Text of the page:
This morning I got to sleep in without a guilty conscience. I still woke at 9am out of habit, but I just rolled over and went right back to sleep for another hour. I have had things on my list to get done but at the moment, I permitted myself the extra rest. I woke up the second time thinking it was a great morning, because it was.
See, I had no forced reason to get out of bed at 9am. I don’t have to watch the time or record my times in which I take chemo. No more labs, no more excess of orange juice in the refrigerator, no more syringes. In other words: I ended the Sirolimus chemotherapy. Yesterday. Finished–almost five months. Ecclesiastes 3:1 says, “For everything there is a season, and a time for every matter under heaven.” I started chemo in July in blind faith; I am ending it in the same.
This may not make sense to you; it may seem either that I have given up on treatments or that I am turning into a rebel. Neither is the case, but I have come to some decisions about my health, what I am currently doing as far as treatments and appointments and most important–what I want to be doing while I am still able to on my own.
My MRI results showed stable, or “no changes” that they can decipher. This is always a sigh of relief. However, this time it was a tad aggravating–if the results are stable then what on earth is going on that we cannot see? I suggested that they start putting some of the research funds/efforts towards a 3-D MRI machine. Maybe I am too much a Star Wars fan, but I think that would be awesome and more helpful in these situations as then we could see the tumors closer and at different angles.
So if my MRI was stable, then why did I end chemo? It is no surprise to my family (nor my doctor either.) I knew I would be ending chemo at the last appointment on October 22nd; the timing was not right for the discussion as well as I had decided to go the full two months again and wanted the MRI anyway, regardless of the results. I also see now the new lessons of faith that went hand in hand with the physical changes that have occurred since our trip to Wisconsin. These have shaped the path of where I stand now in my decisions and trust in God.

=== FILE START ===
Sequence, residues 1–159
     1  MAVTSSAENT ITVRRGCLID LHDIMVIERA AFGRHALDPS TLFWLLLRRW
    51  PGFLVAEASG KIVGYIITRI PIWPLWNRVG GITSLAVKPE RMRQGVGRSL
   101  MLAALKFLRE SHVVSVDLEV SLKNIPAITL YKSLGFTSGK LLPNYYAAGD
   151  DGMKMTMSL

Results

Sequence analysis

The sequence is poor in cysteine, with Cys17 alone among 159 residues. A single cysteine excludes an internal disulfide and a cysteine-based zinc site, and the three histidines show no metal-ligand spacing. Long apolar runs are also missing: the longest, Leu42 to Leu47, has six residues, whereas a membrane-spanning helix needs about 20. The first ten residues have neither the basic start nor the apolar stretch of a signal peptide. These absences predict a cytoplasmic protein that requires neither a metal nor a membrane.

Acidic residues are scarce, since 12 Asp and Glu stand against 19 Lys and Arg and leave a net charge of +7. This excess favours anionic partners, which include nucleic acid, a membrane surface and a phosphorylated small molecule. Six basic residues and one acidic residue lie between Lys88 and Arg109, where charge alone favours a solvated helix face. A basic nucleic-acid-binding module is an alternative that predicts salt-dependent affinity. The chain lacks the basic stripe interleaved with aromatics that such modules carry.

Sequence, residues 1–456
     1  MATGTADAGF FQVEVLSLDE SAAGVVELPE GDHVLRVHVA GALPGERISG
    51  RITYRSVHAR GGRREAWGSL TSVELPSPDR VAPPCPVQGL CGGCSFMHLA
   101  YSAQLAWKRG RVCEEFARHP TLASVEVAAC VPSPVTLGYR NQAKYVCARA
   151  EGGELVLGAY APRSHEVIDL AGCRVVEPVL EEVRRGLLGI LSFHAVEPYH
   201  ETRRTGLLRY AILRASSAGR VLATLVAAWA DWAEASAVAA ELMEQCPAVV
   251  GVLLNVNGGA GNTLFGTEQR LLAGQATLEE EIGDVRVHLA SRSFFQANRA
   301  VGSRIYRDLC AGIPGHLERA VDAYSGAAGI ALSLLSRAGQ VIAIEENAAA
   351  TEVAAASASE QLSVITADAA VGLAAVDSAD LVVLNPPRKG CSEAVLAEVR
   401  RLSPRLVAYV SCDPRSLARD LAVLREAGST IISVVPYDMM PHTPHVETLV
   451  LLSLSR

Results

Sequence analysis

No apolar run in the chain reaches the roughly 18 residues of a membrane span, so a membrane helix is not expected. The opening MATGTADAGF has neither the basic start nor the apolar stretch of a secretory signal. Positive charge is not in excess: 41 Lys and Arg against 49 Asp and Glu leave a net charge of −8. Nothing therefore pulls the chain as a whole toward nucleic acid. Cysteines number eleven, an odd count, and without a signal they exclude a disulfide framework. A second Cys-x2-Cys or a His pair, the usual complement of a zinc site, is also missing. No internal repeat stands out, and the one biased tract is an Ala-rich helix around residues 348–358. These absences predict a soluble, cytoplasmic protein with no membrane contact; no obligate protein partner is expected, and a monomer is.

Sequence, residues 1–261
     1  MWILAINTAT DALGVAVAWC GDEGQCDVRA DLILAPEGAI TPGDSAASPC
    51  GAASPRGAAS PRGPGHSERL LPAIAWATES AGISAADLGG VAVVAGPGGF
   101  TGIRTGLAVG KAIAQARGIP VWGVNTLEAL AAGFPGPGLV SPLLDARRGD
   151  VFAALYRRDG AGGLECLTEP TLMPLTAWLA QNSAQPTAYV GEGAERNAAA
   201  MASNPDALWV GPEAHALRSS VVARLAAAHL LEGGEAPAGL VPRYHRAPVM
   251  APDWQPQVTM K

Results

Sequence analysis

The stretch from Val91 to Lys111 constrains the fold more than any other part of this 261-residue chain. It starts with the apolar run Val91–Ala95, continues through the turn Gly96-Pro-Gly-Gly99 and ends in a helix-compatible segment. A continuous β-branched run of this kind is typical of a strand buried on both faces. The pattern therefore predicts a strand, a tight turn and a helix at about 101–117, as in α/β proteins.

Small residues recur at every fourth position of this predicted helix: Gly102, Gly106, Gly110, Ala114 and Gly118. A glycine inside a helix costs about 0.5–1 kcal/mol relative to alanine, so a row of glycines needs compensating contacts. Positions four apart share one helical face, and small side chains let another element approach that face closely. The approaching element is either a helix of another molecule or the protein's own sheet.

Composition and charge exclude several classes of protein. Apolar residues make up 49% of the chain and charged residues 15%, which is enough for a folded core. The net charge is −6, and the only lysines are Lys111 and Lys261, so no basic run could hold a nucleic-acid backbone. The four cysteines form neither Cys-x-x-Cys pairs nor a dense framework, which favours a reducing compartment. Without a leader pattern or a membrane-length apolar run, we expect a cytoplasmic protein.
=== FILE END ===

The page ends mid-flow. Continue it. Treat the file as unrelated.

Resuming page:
I ended chemo, because there comes a point in time where you ask, “Is this benefitting me?” I know you can’t ask this for all situations but I did in this case. The chemo may or may not have been keeping them tumors stable, but because the side effects in my body have increased at a fast rate, I don’t think tumor size is the issue…more what we cannot see, in which I did not see chemo helping. It actually was starting to frustrate me more than anything. I see this also with my AFO braces. I know–I just blogged my “I am a champion” post, but again, it was pre-Wisconsin days.
I know my body is fading; I have excepted that fact through much tears and a broken spirit. After Wisconsin, I just gave up on life. I saw no hope. As that week ended and I restarted my times of reading the Word, I kept returning to His burning question: “Do you trust me?” Trust. It is what I desire most from my doctors, family and myself that I know my body: I am the one living with the disease, experience the changes, and know when I need different. If I desire that in my own life, how much more God desires it from me: He created my body, died and rose again so my temporary pain would become eternal life, and meets my needs so that I can continue to live. And that is why I made some decisions: I am done dwelling on the past and trying to fix the future. I just want to live to the fullest in the present.
You make known to me the path of life; in your presence there is fullness of joy; at your right hand are pleasures forevermore. ~Psalm 16:11